The son of creative parents, Donald Sultan grew up in Asheville, North Carolina. His father, whose hobby was painting in an Abstract Expressionist mode, owned a tire company, which may have influenced the future artist’s interest in nontraditional industrial materials. His mother was active in the theater, and Sultan painted theatrical sets and acted in summer stock on Cape Cod as a teenager. After spending his high school years at the Wilbraham Academy in Massachusetts, Sultan enrolled at the University of North Carolina, Chapel Hill with the intention of studying theater. Reluctant to take acting direction, however, he transferred to the art department and earned his BFA from the university in 1973. He went on to the School of Art Institute of Chicago, completing his MFA two years later.
Living in the gritty urban environments of Chicago and New York inspired an early body of work, which dealt with factories and the industrial landscape. Sultan’s chosen media—black tar and linoleum—complemented this imagery. To support himself financially, he worked as a laborer renovating lofts in trendy neighborhoods and as a gallery assistant at the Denise René Gallery on 57th Street. After observing workmen lay new flooring, Sultan immediately adopted a grid format in place of canvas and began to incorporate tiles and spackle into his large-scale paintings.
Consistently working with tar and tiles, Sultan launched a series of fruits and flowers—most often lemons, poppies, and tulips—in the mid-1980s. The contrast of these natural organic shapes against his industrial materials and grid format is striking, and Sultan has described these works as pieces with “heavy structure, holding fragile meaning.” A more a recent series features dominos and dice. While clearly an heir to the Abstract Expressionists’ unconventional use and application of paint, Sultan vacillates between abstraction and representational art, and thus avoids easy categorization, leading some critics to simply label him as a “Post-Minimalist.”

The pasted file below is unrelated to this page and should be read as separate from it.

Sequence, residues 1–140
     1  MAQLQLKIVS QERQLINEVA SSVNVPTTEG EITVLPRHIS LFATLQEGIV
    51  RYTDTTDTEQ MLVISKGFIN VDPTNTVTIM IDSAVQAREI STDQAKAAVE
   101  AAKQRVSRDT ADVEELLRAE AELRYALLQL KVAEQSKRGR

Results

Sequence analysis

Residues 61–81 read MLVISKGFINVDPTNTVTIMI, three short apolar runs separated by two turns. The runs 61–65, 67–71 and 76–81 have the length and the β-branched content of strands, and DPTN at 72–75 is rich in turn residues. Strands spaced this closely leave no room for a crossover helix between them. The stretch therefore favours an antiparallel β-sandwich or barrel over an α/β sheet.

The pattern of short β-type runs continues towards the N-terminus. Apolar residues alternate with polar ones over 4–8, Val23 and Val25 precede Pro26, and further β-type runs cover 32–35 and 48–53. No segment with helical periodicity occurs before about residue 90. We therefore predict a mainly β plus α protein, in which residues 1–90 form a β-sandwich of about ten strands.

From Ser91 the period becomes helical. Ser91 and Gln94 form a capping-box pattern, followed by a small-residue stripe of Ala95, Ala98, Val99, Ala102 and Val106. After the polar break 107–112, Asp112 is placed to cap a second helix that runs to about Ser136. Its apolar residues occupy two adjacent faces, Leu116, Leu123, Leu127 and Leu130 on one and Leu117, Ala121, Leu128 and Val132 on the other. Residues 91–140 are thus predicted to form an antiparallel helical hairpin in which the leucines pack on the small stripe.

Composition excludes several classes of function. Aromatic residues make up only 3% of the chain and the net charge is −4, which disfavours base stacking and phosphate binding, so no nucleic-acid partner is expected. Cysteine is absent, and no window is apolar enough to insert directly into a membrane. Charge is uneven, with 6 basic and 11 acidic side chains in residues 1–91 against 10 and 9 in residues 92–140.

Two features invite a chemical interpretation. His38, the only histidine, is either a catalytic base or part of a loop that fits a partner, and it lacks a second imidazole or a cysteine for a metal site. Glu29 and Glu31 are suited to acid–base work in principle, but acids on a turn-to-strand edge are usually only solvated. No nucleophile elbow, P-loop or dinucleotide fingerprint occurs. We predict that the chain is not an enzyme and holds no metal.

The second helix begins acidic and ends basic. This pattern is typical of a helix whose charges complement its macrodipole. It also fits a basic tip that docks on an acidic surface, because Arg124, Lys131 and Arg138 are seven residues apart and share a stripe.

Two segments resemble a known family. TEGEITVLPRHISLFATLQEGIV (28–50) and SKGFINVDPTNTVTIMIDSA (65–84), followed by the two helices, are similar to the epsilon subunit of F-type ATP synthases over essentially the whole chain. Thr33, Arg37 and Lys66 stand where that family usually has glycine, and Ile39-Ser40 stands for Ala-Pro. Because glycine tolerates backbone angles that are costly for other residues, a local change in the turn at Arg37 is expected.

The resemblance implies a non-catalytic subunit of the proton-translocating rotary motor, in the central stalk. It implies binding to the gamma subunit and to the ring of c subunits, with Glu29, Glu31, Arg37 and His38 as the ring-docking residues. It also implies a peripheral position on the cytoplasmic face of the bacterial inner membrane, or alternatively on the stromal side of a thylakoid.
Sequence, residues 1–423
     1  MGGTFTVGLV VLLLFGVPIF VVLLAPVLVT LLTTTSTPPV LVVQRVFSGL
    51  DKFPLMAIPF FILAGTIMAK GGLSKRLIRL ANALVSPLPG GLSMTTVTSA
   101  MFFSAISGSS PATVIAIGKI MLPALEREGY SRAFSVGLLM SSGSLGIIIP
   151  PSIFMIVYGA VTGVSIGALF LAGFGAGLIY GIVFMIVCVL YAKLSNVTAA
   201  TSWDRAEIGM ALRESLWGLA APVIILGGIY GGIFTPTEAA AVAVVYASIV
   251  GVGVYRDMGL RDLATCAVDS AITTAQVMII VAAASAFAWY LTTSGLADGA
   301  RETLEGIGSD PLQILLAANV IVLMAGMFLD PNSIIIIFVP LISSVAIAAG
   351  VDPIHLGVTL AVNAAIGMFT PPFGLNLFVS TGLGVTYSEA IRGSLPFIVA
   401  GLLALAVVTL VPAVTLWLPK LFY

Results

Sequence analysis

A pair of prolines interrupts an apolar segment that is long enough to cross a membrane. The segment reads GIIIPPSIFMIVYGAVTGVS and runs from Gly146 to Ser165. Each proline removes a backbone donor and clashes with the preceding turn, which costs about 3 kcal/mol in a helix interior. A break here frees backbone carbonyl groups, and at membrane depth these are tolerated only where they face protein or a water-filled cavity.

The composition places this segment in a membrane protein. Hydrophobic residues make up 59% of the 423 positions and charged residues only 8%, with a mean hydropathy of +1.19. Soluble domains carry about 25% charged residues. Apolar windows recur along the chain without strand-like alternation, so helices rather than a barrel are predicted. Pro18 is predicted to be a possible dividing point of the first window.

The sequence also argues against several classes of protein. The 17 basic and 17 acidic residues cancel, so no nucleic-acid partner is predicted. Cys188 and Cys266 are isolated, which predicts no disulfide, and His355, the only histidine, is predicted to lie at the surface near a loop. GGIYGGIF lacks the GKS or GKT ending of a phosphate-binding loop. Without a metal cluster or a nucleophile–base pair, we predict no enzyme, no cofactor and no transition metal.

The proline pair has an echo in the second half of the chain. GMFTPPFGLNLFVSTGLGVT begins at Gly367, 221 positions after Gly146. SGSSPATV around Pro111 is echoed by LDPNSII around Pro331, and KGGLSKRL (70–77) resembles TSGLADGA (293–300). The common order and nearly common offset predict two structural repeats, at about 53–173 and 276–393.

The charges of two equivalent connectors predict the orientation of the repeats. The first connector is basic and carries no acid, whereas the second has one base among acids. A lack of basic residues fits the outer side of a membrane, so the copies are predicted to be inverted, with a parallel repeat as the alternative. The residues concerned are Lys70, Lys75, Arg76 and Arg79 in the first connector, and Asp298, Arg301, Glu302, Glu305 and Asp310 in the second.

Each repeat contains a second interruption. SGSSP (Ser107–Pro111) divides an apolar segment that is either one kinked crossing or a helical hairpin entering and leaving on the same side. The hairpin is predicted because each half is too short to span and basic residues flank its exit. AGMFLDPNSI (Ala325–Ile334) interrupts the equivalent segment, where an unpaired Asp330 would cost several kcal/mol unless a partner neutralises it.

Sultan had his first solo exhibition in 1977 at the Artists Space and has enjoyed significant New York gallery representation his entire career. The Museum of Modern Art mounted an exhibition of his black lemons in 1988, and in 1992 the American Federation of the Arts circulated a print retrospective to eight separate venues. Sultan’s work is represented in the permanent collections of major museums in this country and abroad, including the Metropolitan Museum of Art, the Los Angeles County Museum of Art, and the Whitney Museum of American Art, among others. Recognition has also come his way in the form of a 1980–1981 National Endowment for the Arts Visual Artist Fellowship. He is the recipient of three honorary doctorates: from Washington D.C.’s Corcoran School of Art in 2000; the New York Academy of Art in 2002; and the University of North Carolina, Asheville, in 2007.